Noise events consisted of repetitive low-frequency pulses, with peak energy in all three axes at 60 Hz, and in the vertical axis at 400 Hz, with the bulk of the energy at 500–700 Hz (Fig. S3). The time history profile was similar to that of pile driving, having a short rise-time <0.015 s (the time from the start of the pulse to the peak velocity) and strike duration (∼0.1 s), as compared to other signals (Bruns et al., 2016; Hawkins et al., 2014) (Fig. S3). The spectra of pile driving in terms of sediment vibration would be expected to have bulk energy between 5–50 Hz (Bruns et al., 2016), with core energy <500 Hz, (Fig. S3). The average peak velocity, measured at 1 m, was 0.0005 m s−1, 0.00001 m s−1 and 0.0001 m s−1 for CH1, 2 and 3 (specifically in the order of vertical first: y, x, z plane) respectively, dropping to 0.00009 m s−1, 0.00002 m s−1 and 0.00002 m s−1 at 5 m. As such, the stimulus was greater than the known lowest threshold of detection ability (determined behaviourally) in the range of 5–500 Hz (Roberts et al., 2016).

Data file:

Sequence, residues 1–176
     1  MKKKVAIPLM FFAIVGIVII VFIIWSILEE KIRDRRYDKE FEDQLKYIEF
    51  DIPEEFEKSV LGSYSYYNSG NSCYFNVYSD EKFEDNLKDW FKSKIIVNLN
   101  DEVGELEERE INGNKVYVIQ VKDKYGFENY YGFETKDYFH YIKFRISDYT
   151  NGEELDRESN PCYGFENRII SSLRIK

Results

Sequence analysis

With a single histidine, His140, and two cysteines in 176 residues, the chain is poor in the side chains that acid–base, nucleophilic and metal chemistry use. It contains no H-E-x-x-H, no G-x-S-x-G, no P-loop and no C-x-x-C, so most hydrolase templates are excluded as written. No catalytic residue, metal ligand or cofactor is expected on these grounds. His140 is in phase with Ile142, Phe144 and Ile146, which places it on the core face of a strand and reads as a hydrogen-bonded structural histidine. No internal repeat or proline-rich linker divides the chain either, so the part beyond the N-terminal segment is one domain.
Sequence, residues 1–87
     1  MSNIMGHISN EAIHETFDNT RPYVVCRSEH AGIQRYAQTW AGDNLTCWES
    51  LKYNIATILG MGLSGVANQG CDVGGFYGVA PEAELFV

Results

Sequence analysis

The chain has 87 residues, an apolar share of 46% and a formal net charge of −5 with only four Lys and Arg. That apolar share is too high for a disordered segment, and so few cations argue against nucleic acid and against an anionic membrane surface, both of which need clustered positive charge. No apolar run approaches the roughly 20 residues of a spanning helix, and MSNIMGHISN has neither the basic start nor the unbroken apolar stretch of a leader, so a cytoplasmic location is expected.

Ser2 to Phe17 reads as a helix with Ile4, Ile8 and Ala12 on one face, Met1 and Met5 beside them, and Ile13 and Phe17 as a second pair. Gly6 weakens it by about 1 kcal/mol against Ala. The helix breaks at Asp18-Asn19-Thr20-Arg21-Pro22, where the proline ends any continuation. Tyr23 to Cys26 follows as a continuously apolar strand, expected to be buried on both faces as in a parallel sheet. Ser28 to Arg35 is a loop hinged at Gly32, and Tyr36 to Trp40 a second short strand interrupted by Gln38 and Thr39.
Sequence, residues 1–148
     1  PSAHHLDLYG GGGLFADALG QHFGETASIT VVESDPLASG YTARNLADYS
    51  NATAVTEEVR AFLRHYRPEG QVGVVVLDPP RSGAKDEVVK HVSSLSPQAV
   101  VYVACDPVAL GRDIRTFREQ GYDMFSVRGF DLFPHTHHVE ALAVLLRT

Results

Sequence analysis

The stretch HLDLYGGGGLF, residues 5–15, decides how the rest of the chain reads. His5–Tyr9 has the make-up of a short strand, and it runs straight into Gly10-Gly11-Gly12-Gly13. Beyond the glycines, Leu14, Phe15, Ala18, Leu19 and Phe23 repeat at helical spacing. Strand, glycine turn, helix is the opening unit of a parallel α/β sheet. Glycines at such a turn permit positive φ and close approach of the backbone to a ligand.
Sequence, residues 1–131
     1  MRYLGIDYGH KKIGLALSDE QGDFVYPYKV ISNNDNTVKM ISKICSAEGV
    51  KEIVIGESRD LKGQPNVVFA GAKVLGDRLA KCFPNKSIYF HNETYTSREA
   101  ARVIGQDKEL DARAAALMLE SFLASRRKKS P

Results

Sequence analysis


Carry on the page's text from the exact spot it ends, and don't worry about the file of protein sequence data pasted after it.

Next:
Experimental procedure

All experiments were undertaken in the field so that hermit crabs could range freely throughout the wider area, ‘choosing’ which areas to be attracted to or to avoid. The sequence of each test consisted of the following procedure: the slide hammer was fastened into one of the randomly assigned base-plates (1–5), and a weighted quadrat (30×30 cm) was placed on the substrate next to the setup. The experimenter then stood stationary next to the hammer, in position for the test, for a 5-min acclimation period to allow crabs in the immediate vicinity to return to normal activities. At the onset of the test, the number of hermit crabs inside the quadrat was counted (‘before’ count) and the test bottle was placed on the substrate with the lid subsequently removed. This allowed the chemical cue to disperse from the bottle into the water column. The quadrat was then immediately exposed to 5 min of noise or silent control, randomly assigned. After 5 min the number of hermit crabs in the quadrat was counted (‘after’ count). An exposure period of 5 min was chosen since previous work using the same chemical cue showed rapid peaks in hermit crab attraction followed by a decline after 5 min (Valdes and Laidre, 2018). Experiments were undertaken across 5 days, with a total of n=60 tests (n=30 for noise and n=30 for the control).